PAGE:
This event is co-hosted by the Middle East Studies Center and OSU Libraries, co-sponsored by the Near Eastern Languages and Cultures Department, the Department of Women's, Gender and Sexuality Studies, the Mershon Center, the Women's Place, and the Multicultural Center, at the Ohio State University.
Parking available at the Tuttle Garage and the Ohio Union. Disability spaces are available in those parking garages and behind Campbell Hall for visitors with valid disability permits. Payment for parking can be made by meters or through the campus parc smartphone app (note that any visitor spot can be made into a disability spot if paid for through the app). Further parking accessibility information is located here.
A story of women, art and revolution, this vibrant film documents the critical role that revolutionary street art played—and is continuing to play—in the political uprising of Egypt. Introducing a cadre of courageous and gifted female artists who are deeply involved in the struggle for social and political justice, NEFERTITI'S DAUGHTERS illustrates the surprising ways that artwork, instead of being relegated to dusty museums and academia, can instead become a powerful tool in the ongoing fight for civil and human rights.
Conversations with prominent Egyptian artists Bahia Shehab, Mira Shihadeh and Salma Samy—each from a different generation—weave throughout the film's narrative. As the women discuss their work and the ways that it is inspired by and responds to a violent and complicated political environment, viewers are offered a rare window into the struggles of living and creating in Egypt today.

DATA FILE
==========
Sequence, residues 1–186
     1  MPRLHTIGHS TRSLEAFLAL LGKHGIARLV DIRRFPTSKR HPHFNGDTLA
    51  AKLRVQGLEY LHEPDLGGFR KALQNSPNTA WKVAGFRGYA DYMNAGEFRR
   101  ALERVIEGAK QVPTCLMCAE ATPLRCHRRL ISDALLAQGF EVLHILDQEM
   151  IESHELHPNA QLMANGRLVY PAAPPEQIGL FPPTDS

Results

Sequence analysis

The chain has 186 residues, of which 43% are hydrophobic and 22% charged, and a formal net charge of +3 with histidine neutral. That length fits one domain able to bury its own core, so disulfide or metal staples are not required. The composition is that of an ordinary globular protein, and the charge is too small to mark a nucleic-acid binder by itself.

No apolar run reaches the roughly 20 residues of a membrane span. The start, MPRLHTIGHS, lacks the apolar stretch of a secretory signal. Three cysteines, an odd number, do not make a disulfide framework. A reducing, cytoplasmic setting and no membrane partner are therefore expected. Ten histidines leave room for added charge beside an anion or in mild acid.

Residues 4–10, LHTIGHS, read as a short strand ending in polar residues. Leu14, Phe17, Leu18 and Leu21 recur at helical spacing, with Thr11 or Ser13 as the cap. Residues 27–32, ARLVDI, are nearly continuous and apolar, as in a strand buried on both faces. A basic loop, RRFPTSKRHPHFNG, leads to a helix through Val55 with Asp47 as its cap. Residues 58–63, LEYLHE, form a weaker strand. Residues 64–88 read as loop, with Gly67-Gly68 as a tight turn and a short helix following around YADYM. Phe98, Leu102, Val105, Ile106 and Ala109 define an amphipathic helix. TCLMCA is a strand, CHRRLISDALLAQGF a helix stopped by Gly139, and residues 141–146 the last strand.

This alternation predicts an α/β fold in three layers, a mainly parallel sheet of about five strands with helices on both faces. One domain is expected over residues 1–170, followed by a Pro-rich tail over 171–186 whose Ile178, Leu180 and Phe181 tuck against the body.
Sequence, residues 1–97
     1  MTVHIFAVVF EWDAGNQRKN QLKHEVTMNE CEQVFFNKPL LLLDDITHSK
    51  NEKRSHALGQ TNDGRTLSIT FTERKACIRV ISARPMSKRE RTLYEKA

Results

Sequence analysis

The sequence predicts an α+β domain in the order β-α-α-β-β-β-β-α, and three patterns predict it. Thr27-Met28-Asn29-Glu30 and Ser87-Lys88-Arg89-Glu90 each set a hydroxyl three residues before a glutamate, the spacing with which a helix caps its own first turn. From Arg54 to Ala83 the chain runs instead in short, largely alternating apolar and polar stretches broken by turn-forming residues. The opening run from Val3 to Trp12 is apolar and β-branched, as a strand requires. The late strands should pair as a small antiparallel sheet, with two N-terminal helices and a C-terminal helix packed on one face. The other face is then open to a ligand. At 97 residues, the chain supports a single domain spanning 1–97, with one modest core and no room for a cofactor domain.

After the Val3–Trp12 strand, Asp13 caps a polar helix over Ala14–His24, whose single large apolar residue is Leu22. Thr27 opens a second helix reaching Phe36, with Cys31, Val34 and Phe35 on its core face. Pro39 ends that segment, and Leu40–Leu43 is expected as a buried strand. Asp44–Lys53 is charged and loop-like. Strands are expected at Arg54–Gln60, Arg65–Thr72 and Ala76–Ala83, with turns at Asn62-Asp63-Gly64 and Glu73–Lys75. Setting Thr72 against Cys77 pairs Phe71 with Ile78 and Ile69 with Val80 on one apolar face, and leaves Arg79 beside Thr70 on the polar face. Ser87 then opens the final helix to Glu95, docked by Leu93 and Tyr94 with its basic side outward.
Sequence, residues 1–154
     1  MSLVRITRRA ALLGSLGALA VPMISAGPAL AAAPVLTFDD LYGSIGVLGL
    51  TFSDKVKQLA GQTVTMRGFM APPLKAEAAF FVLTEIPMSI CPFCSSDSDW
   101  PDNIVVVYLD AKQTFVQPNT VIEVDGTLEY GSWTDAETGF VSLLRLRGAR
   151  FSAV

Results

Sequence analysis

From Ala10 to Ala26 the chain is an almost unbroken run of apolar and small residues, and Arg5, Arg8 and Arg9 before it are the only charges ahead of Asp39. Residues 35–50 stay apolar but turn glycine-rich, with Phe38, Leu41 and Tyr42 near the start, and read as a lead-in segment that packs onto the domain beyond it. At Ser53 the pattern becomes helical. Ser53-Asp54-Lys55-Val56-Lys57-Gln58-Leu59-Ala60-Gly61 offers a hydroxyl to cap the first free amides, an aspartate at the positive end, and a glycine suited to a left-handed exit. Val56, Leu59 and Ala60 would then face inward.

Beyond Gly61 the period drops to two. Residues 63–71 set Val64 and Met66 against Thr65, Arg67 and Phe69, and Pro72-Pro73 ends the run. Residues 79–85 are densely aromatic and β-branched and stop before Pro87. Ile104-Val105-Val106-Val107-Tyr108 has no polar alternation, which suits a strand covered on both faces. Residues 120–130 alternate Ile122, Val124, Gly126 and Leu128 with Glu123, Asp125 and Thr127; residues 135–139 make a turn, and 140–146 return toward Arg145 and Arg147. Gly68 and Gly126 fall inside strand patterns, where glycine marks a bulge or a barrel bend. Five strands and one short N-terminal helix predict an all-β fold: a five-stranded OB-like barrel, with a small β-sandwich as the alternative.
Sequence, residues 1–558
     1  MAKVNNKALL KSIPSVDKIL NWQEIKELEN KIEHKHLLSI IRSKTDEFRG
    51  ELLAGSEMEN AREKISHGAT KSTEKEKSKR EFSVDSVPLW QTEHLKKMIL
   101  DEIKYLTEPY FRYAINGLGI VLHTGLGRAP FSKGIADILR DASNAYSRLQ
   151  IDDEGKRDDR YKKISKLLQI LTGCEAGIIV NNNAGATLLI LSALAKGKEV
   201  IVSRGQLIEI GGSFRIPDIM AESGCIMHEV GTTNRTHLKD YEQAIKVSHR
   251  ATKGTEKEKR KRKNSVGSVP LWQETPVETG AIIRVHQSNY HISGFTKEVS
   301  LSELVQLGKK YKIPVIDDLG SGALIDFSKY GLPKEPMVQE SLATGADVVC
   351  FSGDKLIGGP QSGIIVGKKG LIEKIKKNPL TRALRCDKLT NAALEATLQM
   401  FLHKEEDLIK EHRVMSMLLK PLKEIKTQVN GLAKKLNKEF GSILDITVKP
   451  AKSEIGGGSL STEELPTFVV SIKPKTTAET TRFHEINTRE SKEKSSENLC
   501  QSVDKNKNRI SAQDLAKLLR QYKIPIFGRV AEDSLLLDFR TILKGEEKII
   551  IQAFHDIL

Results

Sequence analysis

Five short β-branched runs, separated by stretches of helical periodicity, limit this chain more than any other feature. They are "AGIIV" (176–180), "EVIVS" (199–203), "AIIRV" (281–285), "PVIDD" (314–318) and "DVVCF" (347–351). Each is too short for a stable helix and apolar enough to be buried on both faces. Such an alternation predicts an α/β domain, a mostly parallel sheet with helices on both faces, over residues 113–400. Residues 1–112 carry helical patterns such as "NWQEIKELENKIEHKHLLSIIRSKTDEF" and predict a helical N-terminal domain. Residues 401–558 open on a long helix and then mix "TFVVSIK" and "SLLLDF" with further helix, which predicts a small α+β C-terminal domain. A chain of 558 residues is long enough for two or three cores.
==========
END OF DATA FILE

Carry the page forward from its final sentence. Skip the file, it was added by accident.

For Shebab, Shihadeh and Samy, art can serve many functions: memorializing acts of government brutality; calling potential comrades into the struggle; turning the tables on male predators and sexism; and imagining a world where a woman would be permitted to sing the sacred Adhan, the Muslim call for prayer.
Acclaimed journalist Shahira Amin and art historian Christiane Gruber, author of Creative Dissent: The Arts of the Arab World are among those who add valuable context. As they illustrate, street art has long been a key means of communication and dissent during times of political transformation and social instability in Egypt. Techniques, styles and symbols from Egyptian history are re-appropriated and adapted to become relevant today—including the image of the legendary Queen Nefertiti, a powerful symbol in an ongoing fight for justice.
"Three stories intersect in this compelling short film from director Mark Nickolas: the emergence of Egyptian street art, the oppression of women in the country, and the revolution that toppled President Hosni Mubarak but didn't stop government brutality against Egyptians." —Aspen Times
- First Prize, Athens Film Festival
- Gold Medal, WorldFest Houston
- Stony Brook Film Festival
- San Joaquin International Film Festival
- Rhode Island Film Festival
- On Location: Memphis Film Festival
- DocUtah Film Festival
- Hamptons Take 2 Doc Fest
- Aspen Shortsfest
- Raindance Film Festival
- Napa Valley Film Festival
- Tallgrass Film Festival
- Heartland Film Festival
- St. Louis International Film Festival